Mewithoutyou Spins Tales with Ten Stories
- Monday, June 18, 2012
Album: Ten Stories
Label: Pine Street
Philadelphia folk rock crew Mewithoutyou may have taken its trademark eccentricity to a record level on Ten Stories, its latest and fifth album. The concept uniting the ten-track album is a fictional crash involving a circus train. Each of the ten songs tells a story imagining the aftermath of the crash. This results in songs about elephants, foxes, bears, and tigers, among other menagerie creatures.
Now, you don't have to really know the concept or crack every lyrical puzzle - and there are some doozies here - to get the album, thankfully. The band's sound is accessible enough that Ten Stories is totally enjoyable on one plane, but even more compelling should listeners take the time to dive deeper.
It's an entertaining hybrid, with the quirkiness of They Might Be Giants and the folk exuberance and literary lyricism of The Decemberists, mixed with traces of the jangle of R.E.M and melancholy of Counting Crows. But there's nothing remotely derivative about Mewithoutyou's sound. They're a band cut from original cloth. Lead singer Aaron Weiss has a vulnerable warble, except when he's delivering in spoken-word form, as he does on occasion.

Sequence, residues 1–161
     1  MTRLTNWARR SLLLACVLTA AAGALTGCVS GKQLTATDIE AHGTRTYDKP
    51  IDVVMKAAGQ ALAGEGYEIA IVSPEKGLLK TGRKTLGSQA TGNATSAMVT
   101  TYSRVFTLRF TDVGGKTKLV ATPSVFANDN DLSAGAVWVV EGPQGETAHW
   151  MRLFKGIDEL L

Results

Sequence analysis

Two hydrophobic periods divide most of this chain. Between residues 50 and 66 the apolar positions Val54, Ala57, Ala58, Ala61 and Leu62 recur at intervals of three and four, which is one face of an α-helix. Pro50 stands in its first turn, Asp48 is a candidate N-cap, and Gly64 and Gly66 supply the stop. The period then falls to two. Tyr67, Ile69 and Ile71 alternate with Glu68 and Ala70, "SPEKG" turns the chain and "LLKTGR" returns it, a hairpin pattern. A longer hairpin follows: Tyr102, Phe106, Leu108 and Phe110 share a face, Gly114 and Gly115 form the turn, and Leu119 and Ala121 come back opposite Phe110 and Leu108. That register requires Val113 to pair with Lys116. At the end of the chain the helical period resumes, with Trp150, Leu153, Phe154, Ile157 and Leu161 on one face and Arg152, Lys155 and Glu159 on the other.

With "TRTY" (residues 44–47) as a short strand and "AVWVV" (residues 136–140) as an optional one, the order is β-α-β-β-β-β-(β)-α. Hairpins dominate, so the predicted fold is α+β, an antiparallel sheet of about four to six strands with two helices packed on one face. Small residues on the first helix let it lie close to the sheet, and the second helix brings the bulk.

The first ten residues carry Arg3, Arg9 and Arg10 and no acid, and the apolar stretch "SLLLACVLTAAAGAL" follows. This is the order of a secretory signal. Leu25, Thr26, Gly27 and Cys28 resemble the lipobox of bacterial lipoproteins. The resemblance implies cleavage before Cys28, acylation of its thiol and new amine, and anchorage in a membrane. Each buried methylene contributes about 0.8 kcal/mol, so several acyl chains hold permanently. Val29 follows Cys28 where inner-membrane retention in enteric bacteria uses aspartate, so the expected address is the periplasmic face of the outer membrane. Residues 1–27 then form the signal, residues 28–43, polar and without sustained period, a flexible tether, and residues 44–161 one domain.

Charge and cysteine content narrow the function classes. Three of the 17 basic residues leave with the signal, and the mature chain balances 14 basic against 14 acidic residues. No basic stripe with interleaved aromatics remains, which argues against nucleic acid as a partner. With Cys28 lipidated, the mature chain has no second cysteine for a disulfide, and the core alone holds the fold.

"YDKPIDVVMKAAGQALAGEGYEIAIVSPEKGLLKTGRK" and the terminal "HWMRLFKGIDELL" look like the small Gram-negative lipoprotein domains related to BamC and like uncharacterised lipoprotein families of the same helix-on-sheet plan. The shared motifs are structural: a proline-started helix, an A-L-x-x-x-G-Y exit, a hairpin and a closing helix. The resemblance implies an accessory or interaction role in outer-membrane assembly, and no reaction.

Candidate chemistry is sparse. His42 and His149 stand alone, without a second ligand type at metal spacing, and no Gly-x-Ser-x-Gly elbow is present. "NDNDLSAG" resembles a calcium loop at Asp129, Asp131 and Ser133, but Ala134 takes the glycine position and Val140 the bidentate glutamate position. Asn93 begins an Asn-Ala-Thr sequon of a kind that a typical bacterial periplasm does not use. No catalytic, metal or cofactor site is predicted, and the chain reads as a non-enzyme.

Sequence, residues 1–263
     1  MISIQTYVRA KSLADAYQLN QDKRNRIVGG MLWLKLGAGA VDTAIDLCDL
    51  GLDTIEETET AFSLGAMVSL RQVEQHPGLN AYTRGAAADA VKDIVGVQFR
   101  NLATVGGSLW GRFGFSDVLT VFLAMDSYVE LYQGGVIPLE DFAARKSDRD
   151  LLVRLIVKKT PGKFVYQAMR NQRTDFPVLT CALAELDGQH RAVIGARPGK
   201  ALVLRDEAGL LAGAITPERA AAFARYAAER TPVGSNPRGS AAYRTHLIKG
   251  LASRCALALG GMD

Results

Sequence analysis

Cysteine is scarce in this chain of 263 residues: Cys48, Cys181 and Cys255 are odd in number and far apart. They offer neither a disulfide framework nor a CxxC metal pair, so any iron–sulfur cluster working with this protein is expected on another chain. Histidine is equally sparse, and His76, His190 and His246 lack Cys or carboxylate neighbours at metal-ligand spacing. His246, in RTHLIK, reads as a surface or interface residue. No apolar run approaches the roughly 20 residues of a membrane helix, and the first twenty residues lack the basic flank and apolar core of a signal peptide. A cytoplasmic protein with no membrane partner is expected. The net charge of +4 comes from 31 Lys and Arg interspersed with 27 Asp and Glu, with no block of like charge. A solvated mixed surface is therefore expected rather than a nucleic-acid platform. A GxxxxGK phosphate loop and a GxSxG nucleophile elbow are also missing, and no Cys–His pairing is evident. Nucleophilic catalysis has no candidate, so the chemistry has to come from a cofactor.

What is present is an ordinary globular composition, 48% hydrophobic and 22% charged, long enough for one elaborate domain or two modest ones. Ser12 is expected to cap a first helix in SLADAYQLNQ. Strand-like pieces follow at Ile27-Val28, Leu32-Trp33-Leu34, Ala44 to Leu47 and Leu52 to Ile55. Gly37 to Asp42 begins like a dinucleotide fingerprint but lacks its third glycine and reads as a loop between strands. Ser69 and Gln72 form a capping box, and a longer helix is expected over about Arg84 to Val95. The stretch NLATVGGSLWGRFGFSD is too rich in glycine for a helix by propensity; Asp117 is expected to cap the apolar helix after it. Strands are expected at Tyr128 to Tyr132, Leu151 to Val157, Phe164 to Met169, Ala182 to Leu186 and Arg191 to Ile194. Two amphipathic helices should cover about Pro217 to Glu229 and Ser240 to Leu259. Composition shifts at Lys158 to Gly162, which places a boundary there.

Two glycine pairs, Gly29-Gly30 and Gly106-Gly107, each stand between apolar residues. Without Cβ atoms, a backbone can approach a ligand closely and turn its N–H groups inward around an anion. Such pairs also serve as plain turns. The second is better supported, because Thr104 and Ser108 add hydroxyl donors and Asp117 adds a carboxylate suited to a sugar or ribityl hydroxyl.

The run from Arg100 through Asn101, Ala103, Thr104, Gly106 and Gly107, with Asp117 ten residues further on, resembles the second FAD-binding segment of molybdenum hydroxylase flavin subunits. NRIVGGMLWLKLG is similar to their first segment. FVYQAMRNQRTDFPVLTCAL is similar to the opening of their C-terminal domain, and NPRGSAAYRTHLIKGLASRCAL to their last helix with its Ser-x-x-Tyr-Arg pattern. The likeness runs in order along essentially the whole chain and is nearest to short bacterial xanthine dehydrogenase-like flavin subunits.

Opening track "February, 1878," which sets the scene for the album by establishing the context of the crash, leads off with a grinding guitar similar to Arcade Fire's "Wake Up," then moves into the aforementioned spoken word delivery and picks up in intensity. Other highlights are "Elephant in the Dock," a lilting folk gem that bursts into the passionate chorus, "Hang/the elephant must hang." "Aubergine" lilts like Ryan Adams, but played a little less country, and "Fox's Dream of the Log Flume," which - despite the bizarre title - plays around with spoken word on a surprisingly funny lyric about memories. "Nine Stories" has a Sufjan Stevens/Jack Johnson vibe and a steady strum underneath a nifty vocal harmony.
Album closer "All Circles," which features Hayley Williams from Paramore, is deceptively clever, repeating the same phrase ("All circles presuppose they'll end where they begin/but only in their leaving can they ever come back round.") for the entire song. What results is an interesting cap on the collection of seemingly insignificant stories contained in the album, sort of a history-repeats-itself commentary. It also is a perfect invitation to finish the album and dive right back into the beginning again. With its captivating blend of lyrical meat and sonic experimentation, Ten Stories is certainly worth circling back to many times.
*This Review First Published 6/18/2012
Have something to say about this article? Leave your comment via Facebook below!
Listen to Your Favorite Pastors
Add Crosswalk.com content to your siteBrowse available content